Walking left of the castle, I followed the map I had picked up at the tourism office and quickly found the Eglise Notre-Dame-des-Anges, a historical monument constructed in the 18th century with a religious Gothic architectural style that is popular in this French region, graced with a vast tower bell at the top.
This tower bell was initially designed to indicate the positioning of the port during the day via smoke and fire at night. The church now wears a cupola inspired by a model built in Toscana, Italy.
I retraced my steps back to the beach and found the Museum of Modern Arts for a quick tour, barely a 5 minutes walk from the beach. Not much to see here as it’s minimal, but you might as well visit while there.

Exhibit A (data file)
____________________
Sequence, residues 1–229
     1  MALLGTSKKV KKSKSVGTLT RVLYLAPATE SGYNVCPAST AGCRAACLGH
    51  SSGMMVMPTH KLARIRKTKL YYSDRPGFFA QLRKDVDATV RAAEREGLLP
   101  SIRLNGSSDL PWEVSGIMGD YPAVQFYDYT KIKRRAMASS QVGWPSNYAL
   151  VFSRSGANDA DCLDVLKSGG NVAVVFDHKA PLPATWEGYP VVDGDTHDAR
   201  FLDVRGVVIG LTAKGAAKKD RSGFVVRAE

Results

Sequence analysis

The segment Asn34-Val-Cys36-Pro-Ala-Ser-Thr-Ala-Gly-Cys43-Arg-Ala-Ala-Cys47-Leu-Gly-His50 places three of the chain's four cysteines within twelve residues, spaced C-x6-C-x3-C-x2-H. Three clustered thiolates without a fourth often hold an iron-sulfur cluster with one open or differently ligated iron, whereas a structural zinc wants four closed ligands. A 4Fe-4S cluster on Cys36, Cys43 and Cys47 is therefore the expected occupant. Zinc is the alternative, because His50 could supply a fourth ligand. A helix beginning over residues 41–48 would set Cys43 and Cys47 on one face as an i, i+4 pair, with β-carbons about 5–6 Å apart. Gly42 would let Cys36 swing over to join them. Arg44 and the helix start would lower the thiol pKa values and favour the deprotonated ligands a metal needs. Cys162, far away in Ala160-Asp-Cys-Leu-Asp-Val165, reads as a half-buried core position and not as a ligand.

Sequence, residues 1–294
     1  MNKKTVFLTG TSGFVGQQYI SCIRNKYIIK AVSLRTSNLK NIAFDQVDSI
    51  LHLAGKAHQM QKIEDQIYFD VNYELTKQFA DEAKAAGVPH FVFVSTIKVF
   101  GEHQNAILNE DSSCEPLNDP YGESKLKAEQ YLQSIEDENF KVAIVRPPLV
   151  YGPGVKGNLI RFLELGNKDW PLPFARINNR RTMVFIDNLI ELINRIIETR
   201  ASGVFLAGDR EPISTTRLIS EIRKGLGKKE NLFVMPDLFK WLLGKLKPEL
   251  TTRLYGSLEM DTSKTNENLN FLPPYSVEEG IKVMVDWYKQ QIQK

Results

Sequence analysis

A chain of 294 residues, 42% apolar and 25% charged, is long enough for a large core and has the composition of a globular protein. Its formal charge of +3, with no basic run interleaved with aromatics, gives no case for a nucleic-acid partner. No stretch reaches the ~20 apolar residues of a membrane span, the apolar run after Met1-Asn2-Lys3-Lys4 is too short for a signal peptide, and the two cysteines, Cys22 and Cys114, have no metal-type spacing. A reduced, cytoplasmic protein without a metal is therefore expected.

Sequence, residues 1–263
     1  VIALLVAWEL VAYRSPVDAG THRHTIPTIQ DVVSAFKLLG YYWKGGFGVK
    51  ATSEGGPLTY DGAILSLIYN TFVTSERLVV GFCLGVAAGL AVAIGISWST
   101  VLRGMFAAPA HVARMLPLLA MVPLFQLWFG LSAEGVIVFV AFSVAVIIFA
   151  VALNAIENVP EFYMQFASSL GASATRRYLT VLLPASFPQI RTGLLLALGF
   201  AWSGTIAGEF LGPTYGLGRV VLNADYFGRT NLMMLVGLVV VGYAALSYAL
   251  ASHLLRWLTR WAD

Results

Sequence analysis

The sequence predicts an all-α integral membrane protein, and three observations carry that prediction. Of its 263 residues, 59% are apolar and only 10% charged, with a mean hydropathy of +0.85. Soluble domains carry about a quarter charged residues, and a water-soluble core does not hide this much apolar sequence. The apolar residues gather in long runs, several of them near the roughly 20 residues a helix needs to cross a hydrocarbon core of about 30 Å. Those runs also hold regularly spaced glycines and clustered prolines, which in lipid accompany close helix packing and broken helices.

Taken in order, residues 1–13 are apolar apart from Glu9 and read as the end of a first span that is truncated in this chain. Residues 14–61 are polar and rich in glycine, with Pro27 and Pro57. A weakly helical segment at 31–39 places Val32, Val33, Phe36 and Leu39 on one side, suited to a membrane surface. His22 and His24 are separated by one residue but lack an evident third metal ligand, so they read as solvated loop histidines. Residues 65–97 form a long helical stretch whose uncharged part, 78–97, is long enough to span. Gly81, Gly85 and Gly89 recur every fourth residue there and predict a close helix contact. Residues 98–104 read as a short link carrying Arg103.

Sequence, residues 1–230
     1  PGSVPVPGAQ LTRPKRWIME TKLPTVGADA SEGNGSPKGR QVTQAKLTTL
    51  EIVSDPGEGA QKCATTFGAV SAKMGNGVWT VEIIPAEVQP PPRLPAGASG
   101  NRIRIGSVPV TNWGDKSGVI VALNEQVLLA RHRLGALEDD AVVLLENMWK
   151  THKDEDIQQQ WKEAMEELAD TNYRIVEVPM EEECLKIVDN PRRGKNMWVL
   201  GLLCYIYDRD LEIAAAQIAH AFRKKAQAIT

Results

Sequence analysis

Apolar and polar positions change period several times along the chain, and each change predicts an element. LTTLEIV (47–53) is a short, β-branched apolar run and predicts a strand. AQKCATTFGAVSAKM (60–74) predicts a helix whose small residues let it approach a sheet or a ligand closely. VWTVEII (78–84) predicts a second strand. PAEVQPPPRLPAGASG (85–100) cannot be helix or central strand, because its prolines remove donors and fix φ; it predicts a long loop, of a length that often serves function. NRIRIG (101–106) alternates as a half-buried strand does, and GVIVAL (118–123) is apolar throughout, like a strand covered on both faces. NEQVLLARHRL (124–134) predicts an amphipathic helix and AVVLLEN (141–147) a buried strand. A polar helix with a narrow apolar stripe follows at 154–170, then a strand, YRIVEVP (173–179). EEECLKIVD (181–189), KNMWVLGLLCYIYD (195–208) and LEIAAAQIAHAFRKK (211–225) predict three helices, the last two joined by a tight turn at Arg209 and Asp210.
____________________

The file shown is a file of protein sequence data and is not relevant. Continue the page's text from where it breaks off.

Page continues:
A quick dash to “Domaine la Tour Vielle,” a local wine industry, to discover the locally made and famous wines, along with its large vineyards! Coming from Africa where farming and large cultivated land space is popular, I was not interested in walking through large hectares of growing plants (insert vineyards), so I quickly retired, ready to explore the streets… but not before we sat for a glass of wine.
The narrow pedestrian streets
I inhaled the all too familiar and now hypnotizing smell of brewing coffee as I walked past coffee shops, I scribbled past small crowds of school students led by a tour guide, turning to smaller pedestrian streets. Here I admired tiny but beautiful houses with bright colored windows and recently blooming flowers that announce early spring, then I noticed some very interesting details on a street, paintings.
Centuries ago, a painter’s obsession was born in this small village of 13.2km² square, sitting strategically between France and Spain in this commune referred to as Catalan. So if you love a mix of cultures, this should be on your travel bucket list!